Fire Station 50is currently in the design and permit phase and its construction is slated to begin in early summer 2019. Redevelopment of the Costa Verde Center is anticipated to begin in late 2019, and Pure Water’s Phase 1 will be starting in North County this October. By 2035, Pure Water’s facilities will produce 83 million gallons of water per day — accounting for one-third of San Diego’s future water needs. 

    Shift is here to help!

    Whether commuting across town, finding the best transportation route, or interested in learning more about projects surrounding your neighborhood, Shift is here to help you pave your waythrough this exciting period of development! Get connected with us! Check out our blog at shiftsandiego.com/ShiftInsider, or learn more about these projects and stay up-to-date with the latest timely construction schedules by following @ShiftSanDiego on Twitter. 

    Insider tip: Browse through the latest developments in your area in greater detail by signing up for our monthly Shift e-Newsletter, conveniently sent straight to your inbox. 

    Join us as we look forward with what’s on the horizon for this year!

    The Shift Team



    Mar 12, 2019
    The Cut and Cover Tunneling Method for the Mid-Coast Trolley Underpass
    by Shift San Diego | Mar 11, 2019

    The Cut and Cover Tunneling Method for the Mid-Coast Trolley Underpass

    Tunneling Through to Make Way for a New Line

    The Mid-Coast Trolley project extends new trolley line service from Santa Fe Depot in Downtown San Diego to the University City community. At La Jolla Colony Drive, the line will pass under the street – where the Mid-Coast Trolley Underpass will be constructed through the cut and cover tunneling method. This is the only 0.03 miles of the 10.92 miles of new trolley line that are underground.

    Preliminary construction for this underpass, including underground utilities relocation and excavation, began in 2016. Major construction activity is scheduled to begin March 18, 2019.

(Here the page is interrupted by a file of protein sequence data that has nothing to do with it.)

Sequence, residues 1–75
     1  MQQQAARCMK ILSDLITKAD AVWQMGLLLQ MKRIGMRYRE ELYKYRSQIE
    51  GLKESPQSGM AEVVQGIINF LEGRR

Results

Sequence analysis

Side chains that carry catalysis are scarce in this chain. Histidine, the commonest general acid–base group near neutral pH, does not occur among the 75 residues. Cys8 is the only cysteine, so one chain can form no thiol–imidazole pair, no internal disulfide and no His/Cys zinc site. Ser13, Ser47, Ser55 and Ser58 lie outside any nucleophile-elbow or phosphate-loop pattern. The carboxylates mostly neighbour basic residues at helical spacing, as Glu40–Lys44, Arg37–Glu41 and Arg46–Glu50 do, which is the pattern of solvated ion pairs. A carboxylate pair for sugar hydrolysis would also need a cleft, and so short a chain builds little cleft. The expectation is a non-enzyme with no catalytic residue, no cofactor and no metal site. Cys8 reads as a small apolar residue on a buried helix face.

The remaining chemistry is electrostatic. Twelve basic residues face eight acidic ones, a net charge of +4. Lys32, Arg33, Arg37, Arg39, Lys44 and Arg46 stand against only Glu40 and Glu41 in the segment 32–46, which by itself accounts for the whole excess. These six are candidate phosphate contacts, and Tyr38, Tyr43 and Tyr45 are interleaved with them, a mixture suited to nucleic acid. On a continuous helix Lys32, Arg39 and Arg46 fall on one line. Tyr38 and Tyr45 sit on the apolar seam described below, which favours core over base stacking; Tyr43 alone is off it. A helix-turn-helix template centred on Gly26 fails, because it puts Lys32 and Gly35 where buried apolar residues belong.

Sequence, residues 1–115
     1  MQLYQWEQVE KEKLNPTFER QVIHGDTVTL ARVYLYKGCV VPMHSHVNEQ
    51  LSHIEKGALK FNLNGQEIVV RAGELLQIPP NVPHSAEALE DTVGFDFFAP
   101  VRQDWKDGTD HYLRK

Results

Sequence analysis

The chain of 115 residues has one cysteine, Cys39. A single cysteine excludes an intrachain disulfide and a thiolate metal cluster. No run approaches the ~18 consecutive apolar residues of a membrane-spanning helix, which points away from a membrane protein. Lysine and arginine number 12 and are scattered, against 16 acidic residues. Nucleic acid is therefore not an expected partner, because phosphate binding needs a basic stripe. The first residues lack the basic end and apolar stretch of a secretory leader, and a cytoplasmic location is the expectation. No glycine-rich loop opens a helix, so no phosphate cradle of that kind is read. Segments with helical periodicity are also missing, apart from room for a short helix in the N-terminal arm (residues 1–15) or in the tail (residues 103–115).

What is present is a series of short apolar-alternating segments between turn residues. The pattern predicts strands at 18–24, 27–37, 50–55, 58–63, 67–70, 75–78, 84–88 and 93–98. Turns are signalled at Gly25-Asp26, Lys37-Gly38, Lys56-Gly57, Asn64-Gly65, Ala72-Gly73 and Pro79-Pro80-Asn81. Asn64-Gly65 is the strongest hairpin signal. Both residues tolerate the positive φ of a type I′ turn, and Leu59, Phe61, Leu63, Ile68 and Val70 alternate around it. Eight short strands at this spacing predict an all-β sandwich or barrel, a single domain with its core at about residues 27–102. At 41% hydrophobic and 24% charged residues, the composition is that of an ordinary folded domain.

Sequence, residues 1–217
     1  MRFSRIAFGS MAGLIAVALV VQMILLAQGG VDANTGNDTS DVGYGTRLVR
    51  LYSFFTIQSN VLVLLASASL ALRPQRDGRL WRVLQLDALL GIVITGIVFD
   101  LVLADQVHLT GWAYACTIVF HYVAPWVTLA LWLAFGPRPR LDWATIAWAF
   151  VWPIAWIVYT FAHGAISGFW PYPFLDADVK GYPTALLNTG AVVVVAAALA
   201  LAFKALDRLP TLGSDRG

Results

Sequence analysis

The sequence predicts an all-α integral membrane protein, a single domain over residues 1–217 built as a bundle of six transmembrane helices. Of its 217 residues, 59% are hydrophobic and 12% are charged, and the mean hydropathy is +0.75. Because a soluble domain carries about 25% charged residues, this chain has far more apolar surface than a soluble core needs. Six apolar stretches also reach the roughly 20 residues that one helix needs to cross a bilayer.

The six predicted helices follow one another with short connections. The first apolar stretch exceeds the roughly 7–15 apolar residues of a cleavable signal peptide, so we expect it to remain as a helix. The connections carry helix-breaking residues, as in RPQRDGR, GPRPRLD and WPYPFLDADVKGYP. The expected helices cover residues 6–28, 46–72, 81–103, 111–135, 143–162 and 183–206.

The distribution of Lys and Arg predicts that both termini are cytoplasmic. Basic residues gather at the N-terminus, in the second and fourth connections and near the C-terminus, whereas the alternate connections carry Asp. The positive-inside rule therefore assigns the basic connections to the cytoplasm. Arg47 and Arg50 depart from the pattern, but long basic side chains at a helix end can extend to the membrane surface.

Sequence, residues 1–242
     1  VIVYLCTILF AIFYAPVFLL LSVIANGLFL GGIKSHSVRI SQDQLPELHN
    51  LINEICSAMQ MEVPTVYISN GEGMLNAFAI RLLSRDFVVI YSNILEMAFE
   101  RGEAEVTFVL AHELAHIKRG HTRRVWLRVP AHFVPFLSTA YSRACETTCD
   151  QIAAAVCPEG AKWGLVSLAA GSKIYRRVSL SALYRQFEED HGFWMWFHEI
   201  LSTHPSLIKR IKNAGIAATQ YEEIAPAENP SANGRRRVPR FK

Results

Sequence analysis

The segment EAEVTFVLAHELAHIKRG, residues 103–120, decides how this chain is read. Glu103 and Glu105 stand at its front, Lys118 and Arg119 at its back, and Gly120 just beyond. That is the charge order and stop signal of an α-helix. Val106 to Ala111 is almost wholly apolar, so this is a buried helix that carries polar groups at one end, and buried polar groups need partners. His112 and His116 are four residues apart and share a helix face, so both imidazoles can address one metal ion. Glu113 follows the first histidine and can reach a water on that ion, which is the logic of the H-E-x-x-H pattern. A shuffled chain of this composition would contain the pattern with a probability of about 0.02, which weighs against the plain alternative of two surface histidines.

Cut-and-cover tunneling is a type of tunnel construction and the oldest method of tunneling, historically known to be used 4,000 years ago in Ancient Babylon. This technique is used typically for relatively shallow tunnels at depths of 60 feet and rarely exceeds 100 feet. The method is determined by several factors, including geology, cost, and potential disruption of other activities.

    The cut-and-cover tunneling will involve excavating a trench with slurry and reinforced concrete walls to act as support from softened earth and water. Concrete roofing provides deck and roadway support on the surface. As drilling, excavation, and utility relocation takes place, the roofing will prevent excess noise from escaping the tunnel.

    As construction ramps up for the Mid-Coast Trolley Underpass, detour routes and signage will be in place for commuters and residents. Here’s what to expect: 

    • Northbound La Jolla Colony Drive will be re-striped to accommodate both southbound and northbound traffic from east of the Interstate 5 on- and off-ramps to Rosenda Court. Southbound traffic will be shifted to the northbound lane. 
    • Freeway ramps will remain open.

    Some full weeknight and weekend closures may be required. During these intermittent closures, there will be no access to La Jolla Colony Drive from east of the Interstate 5 on- and off-ramps to Rosenda Court. Details of each closure will be included in future construction updates.